At Step 1, select the Website option or App option or both.
Answer some questions about your website or app.
Answer some questions about your business.
- 1. What is a "What Are Your Privacy Rights" Clause?
- 4. What Information Should a "What Are Your Privacy Rights" Clause Include?
- 4.1. Explanation of Users' Privacy Rights
- 4.2. How Users Can Exercise Their Rights
- 4.3. Your Cookies Policy
- 5. Summary
What is a "What Are Your Privacy Rights" Clause?
A What Are Your Privacy Rights clause is a statement summarizing:
- The kind of personal data you collect
- Users' rights in relation to their personal data
- How users can raise any concerns or otherwise exercise their privacy rights
If you have users in the UK, EU, or California, you are required to inform users of their privacy rights under the General Data Protection Regulation (GDPR) and California Consumer Privacy Act (CCPA).
Including this clause enhances your organization's transparency around data processing, a subject of increasing importance to users. It reassures users that you handle their personal information ethically and responsibly.
If you're including a What Are Your Privacy Rights clause in compliance with UK or Californian data protection laws, you can also directly refer to the relevant legislation.
For example, Claridge's Privacy Notice refers to this clause as "Your California Privacy Rights." It goes on to list five CCPA-specific user rights and provides an email address users can contact to exercise their rights under the CCPA:
What Information Should a "What Are Your Privacy Rights" Clause Include?
A What Are Your Privacy Rights clause should include the following points of information:
- An explanation of users' privacy rights
- An explanation of how users can exercise their rights
- Information about how you handle cookies, or a link to your Cookies Policy, if applicable
Explanation of Users' Privacy Rights
A What Are Your Privacy Rights clause should clearly set out and explain users' fundamental privacy rights in relation to their personal information.
- Users have eight rights under the GDPR including the right to be informed, the right to request their information be deleted, and the right to access their personal information.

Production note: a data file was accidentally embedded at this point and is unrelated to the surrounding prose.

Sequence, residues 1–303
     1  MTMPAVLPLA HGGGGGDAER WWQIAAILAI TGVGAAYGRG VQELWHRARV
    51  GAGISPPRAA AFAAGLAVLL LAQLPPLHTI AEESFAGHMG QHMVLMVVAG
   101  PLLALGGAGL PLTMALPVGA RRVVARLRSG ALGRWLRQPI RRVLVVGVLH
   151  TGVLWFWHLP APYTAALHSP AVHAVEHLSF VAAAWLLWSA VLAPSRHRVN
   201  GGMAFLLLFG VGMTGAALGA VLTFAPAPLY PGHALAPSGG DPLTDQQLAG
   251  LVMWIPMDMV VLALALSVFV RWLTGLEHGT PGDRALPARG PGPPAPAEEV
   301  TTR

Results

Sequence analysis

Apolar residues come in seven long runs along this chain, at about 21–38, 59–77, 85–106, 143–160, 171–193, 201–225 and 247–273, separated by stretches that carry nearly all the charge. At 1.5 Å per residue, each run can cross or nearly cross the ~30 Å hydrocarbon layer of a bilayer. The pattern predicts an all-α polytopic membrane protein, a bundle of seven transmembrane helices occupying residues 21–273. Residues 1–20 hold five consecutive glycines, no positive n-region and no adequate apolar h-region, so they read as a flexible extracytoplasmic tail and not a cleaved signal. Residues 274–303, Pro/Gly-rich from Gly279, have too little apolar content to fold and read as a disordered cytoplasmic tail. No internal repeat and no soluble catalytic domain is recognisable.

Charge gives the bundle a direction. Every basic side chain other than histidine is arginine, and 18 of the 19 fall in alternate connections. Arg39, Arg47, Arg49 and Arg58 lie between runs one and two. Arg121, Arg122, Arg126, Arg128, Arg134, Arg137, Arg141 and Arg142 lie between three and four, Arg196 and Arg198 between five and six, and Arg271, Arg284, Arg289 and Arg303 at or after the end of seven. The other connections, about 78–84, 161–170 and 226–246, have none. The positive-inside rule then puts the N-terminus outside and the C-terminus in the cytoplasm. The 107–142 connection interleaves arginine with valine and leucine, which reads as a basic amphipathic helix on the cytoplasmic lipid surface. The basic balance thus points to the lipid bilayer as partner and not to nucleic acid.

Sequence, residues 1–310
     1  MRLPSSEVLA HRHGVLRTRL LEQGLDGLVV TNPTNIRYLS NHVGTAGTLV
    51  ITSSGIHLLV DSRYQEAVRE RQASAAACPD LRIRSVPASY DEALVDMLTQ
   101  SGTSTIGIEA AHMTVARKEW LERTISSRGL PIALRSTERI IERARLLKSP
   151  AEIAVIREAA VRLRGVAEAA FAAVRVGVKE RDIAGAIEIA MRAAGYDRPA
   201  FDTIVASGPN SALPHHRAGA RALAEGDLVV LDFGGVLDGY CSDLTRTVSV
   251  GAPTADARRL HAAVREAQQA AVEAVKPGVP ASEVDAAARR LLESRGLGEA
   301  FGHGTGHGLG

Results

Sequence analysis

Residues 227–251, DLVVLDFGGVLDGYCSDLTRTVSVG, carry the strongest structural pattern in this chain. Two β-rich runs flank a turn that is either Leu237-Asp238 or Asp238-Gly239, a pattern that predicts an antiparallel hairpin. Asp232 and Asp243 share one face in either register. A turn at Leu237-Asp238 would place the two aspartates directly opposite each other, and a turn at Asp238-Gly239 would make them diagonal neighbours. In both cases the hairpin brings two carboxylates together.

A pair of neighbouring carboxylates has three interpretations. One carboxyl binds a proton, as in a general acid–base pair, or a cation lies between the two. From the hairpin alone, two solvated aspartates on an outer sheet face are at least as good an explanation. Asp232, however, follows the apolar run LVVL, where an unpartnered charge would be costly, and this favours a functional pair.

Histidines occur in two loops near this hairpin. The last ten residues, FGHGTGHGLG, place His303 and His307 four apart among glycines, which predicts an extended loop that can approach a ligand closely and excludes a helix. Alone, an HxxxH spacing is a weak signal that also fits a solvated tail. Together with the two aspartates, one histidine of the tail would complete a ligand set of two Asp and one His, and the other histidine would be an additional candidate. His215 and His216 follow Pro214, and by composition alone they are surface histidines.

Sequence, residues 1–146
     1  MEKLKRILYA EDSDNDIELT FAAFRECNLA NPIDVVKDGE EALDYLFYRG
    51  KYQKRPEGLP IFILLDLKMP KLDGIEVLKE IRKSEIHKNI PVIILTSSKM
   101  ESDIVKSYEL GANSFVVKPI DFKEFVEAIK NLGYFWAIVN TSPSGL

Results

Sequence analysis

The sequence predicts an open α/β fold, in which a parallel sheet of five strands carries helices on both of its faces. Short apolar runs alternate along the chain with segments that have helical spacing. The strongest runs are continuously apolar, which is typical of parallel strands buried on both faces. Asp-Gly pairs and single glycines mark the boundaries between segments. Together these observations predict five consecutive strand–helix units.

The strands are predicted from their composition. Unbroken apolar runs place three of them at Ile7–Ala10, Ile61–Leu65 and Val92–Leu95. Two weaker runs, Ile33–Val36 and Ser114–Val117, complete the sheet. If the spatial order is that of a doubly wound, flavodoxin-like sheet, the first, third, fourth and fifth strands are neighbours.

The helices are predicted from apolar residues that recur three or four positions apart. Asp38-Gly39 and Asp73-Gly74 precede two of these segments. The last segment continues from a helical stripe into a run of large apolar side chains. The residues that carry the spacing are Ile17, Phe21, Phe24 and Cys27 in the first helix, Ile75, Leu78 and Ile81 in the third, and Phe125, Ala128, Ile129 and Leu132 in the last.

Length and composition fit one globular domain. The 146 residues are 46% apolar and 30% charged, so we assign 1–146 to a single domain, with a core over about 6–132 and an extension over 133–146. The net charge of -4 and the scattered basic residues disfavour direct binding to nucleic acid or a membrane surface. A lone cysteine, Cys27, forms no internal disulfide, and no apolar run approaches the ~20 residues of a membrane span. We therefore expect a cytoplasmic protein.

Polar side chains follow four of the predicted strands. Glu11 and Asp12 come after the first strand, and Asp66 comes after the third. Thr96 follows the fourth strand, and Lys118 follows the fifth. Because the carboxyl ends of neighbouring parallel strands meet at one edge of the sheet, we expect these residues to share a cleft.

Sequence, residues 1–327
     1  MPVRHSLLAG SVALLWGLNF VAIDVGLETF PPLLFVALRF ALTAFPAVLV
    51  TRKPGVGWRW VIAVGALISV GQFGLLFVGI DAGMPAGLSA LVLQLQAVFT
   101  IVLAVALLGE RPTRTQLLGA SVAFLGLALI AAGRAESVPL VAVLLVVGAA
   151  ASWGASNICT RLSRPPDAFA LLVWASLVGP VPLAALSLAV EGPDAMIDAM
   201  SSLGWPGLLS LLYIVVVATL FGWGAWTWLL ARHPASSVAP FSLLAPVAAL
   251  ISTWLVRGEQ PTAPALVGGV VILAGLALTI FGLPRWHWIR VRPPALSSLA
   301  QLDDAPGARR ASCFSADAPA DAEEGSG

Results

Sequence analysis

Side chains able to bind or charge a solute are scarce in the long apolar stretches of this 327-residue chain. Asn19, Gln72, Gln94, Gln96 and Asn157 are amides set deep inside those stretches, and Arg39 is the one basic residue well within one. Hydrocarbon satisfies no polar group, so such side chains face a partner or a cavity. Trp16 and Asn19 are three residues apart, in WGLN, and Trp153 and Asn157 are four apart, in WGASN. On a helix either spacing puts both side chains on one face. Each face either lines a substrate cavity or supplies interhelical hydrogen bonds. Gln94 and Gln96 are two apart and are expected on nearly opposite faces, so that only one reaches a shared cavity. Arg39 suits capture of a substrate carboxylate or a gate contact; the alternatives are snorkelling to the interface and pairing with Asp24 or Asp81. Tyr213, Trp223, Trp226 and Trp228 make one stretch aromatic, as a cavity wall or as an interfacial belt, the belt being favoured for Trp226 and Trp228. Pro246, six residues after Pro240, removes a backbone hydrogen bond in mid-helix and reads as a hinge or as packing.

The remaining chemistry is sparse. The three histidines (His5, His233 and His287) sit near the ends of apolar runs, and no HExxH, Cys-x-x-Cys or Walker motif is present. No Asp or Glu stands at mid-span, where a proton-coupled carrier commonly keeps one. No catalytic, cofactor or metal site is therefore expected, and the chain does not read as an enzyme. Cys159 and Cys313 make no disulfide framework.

- Users have five rights under the CCPA including the right to know what personal information is being collected and how it's being used and the right to opt-out of the sale of their personal information.
This information can be presented in several different ways.
In its What Are Your Privacy Rights clause, Quitain lists users' rights in a table format with a detailed explanation of each right:
MullenLowe Profero's "What Are Your Privacy Rights" clause includes a brief statement of the users' main data protection rights under the GDPR:
How Users Can Exercise Their Rights
Your What Are Your Privacy Rights clause should also tell users how they can exercise these rights in relation to their data. This includes correcting and accessing personal information as well as opting out of the sharing or sale of their personal information.
Hologo has a separate clause for California residents and informs them of how to exert their rights by submitting a request in writing to the provided contact information:
Verbolia explains how European users can make a complaint to their local data protection supervisory authority:
Including an email address in your What Are Your Privacy Rights clause that users can contact with any privacy-related issues, complaints, or requests would also be sufficient.
Your Cookies Policy
If your site collects cookies, you must notify users of this, and inform them that they can opt out of this. A What Are Your Privacy Rights clause is a good place to do this, especially if you don't have a separate standalone Cookies Policy.
A What Are Your Privacy Rights clause should use clear and simple language to explain users' privacy rights, how they can exercise their rights, and your Cookies Policy.